Morrisons chief executive Dalton Philips has pledged to slash prices to take on discount upstarts after the supermarket chain rung up hefty losses.
The under-pressure boss plans to invest £1 billion over three years to improve value and “defend and strengthen our competitive position”, using savings on procurement, systems and other costs. It comes as the group continues to be squeezed by much smaller, but rapidly growing, discount rivals Aldi and Lidl.
Full-year results published yesterday revealed a bottom-line loss of £176 million after exceptional costs of £903m from write-downs on the value of its stores and the planned sale of its poorly-performing children’s wear offshoot Kiddicare.
Shares tumbled 12 per cent to 205.2p after investors were also rocked by a warning that underlying profits – before one-off items – would drop by more than half to £325-£375m for 2014-15. They fell 13 per cent to £785m in the latest results.
Fellow sector heavyweights Sainsbury’s and Tesco also came under pressure amid renewed concerns of a price war, with its potential to hit profits. Analysts at brokerage Jefferies said the scale of Morrisons’ price investment was equivalent to “getting the bazooka out”.
Philips who succeeded Marc Bolland, now boss at Marks & Spencer, in 2010, said: “We are going to lower our prices on a permanent basis. The biggest challenge that we face is that there has been a fundamental change in how consumers view discounters.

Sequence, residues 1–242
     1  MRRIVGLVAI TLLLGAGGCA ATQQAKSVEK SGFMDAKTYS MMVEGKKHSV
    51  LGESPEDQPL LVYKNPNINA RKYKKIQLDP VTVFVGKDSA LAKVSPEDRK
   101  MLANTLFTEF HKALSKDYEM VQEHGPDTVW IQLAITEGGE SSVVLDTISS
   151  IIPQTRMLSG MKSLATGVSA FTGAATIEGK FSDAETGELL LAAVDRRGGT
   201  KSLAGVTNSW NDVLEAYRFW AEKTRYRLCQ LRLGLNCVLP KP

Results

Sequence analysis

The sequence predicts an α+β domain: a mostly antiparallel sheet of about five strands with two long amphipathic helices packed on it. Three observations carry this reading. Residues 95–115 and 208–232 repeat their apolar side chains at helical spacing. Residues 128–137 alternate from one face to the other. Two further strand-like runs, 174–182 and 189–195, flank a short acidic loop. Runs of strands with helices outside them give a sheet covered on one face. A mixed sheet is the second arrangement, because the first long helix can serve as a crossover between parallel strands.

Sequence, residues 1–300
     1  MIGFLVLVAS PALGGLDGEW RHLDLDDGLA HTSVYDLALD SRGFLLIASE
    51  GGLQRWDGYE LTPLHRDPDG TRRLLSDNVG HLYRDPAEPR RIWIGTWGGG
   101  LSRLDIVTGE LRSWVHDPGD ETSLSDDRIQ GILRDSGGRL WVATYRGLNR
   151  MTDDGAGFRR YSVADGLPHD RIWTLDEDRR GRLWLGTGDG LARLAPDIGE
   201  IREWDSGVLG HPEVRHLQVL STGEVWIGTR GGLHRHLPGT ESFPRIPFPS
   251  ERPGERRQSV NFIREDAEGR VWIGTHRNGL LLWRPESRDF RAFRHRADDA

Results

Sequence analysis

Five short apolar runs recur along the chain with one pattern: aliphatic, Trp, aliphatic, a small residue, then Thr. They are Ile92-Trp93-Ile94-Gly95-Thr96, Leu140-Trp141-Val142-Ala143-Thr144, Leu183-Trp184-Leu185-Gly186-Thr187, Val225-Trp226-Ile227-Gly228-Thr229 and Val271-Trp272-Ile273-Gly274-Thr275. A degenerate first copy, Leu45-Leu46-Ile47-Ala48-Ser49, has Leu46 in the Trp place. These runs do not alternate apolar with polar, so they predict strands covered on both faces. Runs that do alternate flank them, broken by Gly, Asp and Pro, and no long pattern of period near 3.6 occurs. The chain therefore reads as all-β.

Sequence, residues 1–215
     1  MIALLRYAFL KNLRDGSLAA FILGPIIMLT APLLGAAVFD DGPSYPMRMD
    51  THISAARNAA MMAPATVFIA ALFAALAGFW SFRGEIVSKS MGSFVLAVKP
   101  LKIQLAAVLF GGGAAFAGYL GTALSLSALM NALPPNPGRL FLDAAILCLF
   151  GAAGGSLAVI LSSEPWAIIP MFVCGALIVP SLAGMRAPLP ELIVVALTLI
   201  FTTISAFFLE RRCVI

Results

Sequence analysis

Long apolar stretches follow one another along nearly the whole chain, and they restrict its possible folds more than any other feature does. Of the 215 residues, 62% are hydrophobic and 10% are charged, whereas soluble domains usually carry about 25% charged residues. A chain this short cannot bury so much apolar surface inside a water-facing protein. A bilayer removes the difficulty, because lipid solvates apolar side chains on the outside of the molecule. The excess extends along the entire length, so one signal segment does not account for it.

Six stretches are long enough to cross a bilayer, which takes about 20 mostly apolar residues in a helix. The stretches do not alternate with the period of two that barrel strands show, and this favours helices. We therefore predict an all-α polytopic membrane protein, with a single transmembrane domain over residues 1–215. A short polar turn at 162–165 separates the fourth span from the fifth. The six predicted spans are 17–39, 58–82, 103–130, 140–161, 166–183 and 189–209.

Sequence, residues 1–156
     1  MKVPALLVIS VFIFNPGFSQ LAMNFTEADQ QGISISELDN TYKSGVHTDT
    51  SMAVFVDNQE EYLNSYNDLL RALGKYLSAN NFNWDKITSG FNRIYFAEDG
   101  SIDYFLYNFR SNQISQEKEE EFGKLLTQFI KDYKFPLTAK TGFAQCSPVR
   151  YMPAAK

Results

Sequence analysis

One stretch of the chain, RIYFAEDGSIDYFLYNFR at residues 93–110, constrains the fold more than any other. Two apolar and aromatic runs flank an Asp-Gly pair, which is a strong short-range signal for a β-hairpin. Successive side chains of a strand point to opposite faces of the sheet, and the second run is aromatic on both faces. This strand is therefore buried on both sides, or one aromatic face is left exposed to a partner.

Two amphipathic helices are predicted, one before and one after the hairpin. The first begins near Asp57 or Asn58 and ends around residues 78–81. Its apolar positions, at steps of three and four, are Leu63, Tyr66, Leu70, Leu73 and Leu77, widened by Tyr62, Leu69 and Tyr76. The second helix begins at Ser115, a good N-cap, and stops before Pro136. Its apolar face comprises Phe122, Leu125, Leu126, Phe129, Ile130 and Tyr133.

“They are no longer going to them out of necessity. The perception has changed and there is a new price norm.”
Meanwhile, a shift in focus to grow convenience stores and its online operation – the latter belatedly launched just eight weeks ago – will see the pipeline of new supermarkets slow to a trickle. After 2015-16, they will only be built in exceptional circumstances.
The group will also sell off £1bn of its £9bn property portfolio by 2016-17, including a small number of stores. This will include £400-500m of disposals in the current financial year.
But the vast majority of its estate will remain in the hands of the company on a freehold basis, despite calls by some activist investors for a more radical sale-and-leaseback shift.
The results, spanning the year to 2 February, showed that total turnover fell 2 per cent to £17.7bn, with underlying sales at stores open for more than a year down 2.8 per cent.
A final dividend of 9.2p was proposed, pushing the total payout for the year up 10 per cent to 13p, in line with guidance.
Richard Hunter, head of equities at Hargreaves Lansdown stockbrokers, said “not all is doom and gloom” with the roll-out of online and convenience stores under way and the double-digit hike in the group’s dividend.